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I am so grateful to Eliana Ku for this wonderful review of Hope in Disarray: Piecing Our Lives Together in Faith. I hope you all get a chance to read my book. Please do review it on different platforms and on Amazon too.

Hope in Disarray: Book Review

Grace Ji-Sun Kim. Hope in Disarray: Piecing Our Lives Together in Faith. Cleveland, OH: The

Pilgrim Press, 2020. Xxiii + 131 pages. $16.95.

Grace Ji-Sun Kim throws out a multi-faceted reflection on what is Christian hope and how to seek God in the midst of an era of living with loss, isolation, and anger that runs deep in every part of human
life. However, it is not an abstract and metaphysical hope, rather it points out the intense anguish she has witnessed, as well as the world’s pain which we all endure. Kim presents Christian hope and spatiality that begins and is bestowed in a relationship with God, and speaks with the voice of social
justice. This book invites readers to intense contemplation on how to redefine and seek Christian hope and spirituality.

This book consists of three major themes: living in the church, culture, and relationship. Each theme has nine snapshots which includes spiritual and ethical discourses. Several questions at the end of the chapters lead readers to dwell on the meaning and practice of hope in the conversation with a community whose members sustain each other. The first theme deals with hope through the Church calendar from Advent to Pentecost. That theme guides readers to confirm God’s presence everywhere around us, and to see God, the Giver of life, in those who suffer the most. This theme lets readers face the intersectionality related to the oppression and offers readers a warning about Christians’ “judgment and self-righteousness” (4). This theme criticizes bourgeois thinking and material prosperity, gender injustice in churches, and addresses the issues of differences and the excluded. The church calendar does not ignore contemplation of sin, evil, and rejection, but rather embraces such suffering in the
redemptive action of the triune God. The wonder of the church calendar of celebrations is to help us find, in our misery and suffering, that there is resurrection and new life.

The nine discourses of the second theme focus on imagining a more ethical future and on challenging us to communal action to “examine and reimagine our current culture” (41). This part notes racism, sexism, prejudice, and stereotypes of intersectional oppression against minorities, including immigrants and indigenous citizens. Kim encourages us to redefine racial justice and equality as both are sometimes dysfunctional in our society.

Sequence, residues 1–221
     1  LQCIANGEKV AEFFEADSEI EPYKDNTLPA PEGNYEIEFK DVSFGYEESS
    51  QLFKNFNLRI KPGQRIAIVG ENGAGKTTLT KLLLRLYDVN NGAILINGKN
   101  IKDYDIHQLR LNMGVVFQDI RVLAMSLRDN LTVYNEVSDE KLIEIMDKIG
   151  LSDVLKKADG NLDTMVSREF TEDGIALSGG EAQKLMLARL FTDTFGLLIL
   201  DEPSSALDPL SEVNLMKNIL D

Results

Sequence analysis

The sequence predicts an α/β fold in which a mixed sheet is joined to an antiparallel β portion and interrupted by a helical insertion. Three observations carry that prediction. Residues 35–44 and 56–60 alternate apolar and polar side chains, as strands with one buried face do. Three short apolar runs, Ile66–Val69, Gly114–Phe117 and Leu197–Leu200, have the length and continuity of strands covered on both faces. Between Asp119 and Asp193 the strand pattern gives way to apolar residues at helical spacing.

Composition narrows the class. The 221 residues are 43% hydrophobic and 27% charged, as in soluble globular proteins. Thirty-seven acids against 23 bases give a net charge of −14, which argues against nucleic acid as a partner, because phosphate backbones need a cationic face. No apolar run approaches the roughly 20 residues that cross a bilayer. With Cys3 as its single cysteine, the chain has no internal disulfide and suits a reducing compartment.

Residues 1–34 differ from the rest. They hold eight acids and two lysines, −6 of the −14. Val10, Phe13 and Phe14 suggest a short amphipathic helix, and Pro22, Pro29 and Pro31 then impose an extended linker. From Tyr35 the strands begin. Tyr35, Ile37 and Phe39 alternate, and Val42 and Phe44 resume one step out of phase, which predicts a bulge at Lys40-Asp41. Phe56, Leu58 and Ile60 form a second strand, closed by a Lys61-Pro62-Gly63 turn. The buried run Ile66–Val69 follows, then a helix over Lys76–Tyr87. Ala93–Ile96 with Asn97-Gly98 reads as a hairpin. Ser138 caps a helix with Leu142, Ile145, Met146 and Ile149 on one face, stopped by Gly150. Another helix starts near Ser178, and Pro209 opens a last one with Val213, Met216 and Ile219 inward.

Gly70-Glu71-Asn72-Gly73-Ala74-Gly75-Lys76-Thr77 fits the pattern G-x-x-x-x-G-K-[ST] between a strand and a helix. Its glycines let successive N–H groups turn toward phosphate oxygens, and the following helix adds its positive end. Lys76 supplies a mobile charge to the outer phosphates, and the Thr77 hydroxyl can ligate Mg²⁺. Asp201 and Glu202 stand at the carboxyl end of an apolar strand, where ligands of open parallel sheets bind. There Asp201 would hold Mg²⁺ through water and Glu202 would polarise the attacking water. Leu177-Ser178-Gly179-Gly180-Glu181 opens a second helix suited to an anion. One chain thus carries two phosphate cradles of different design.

Also, Kim refutes the culture that has imposed shame on survivors. She calls for the church’s
involvement with survivors and urges a place of memory and truth-telling against their oppression. Kim also brings up the social hazard of public shootings, mentioning the countless lives that have been lost and the violence that has occurred in exchange for freer gun ownership. Kim includes damage being done to our ecology and the desire of humans to receive benefits from nature, noting how the poor are impacted by changes in climate and the economy. She realizes that climate change will exacerbate poverty, hunger, and disease, and will negatively impact politics, labor, resources, and refugees. In the face of these crises, Kim emphasizes the need to be responsible for our destiny, our actions, and our progress.

The power of the Spirit, she believes, can motivate us to act beyond fear with compassion and hope for the creatures of the earth and those who suffer. The third theme focuses on human-human and divine-human relationships. To build healthy relationships, Kim points out a sense of vulnerability. Vulnerability, according to her, is acknowledging participation in an imperfect world. Kim challenges the patriarchal culture and conventions that are fixed in gender roles regarding internalized oppression and argues that churches and societies need to create resources to support those who suffer abuse, including women and children. For the discourse on peace, Kim draws on the particular suffering of North and South Koreas as the only divided nation in the world. She notes that Christians need to practice the principles of faith as peacemakers in the face of destructive world events and divisive
leaders. This effort includes dealing with the bias against North Korea that has been politically manipulated.

       This book encourages readers to develop diverse ways of considering hope and to reexamine what we can accomplish by sharing each others narrative of suffering and pursuing solidarity. For Kim, hope is not about the world we dream of but about the world we live in and is a belief that is based on solidarity that we can nurture a better life for those suffering around us and for all.

Eliana Ah Rum Ku, Emanuel College, University of Toronto, ON, Canada

Homiletic
Vol. 46, No. 2 (2021), 63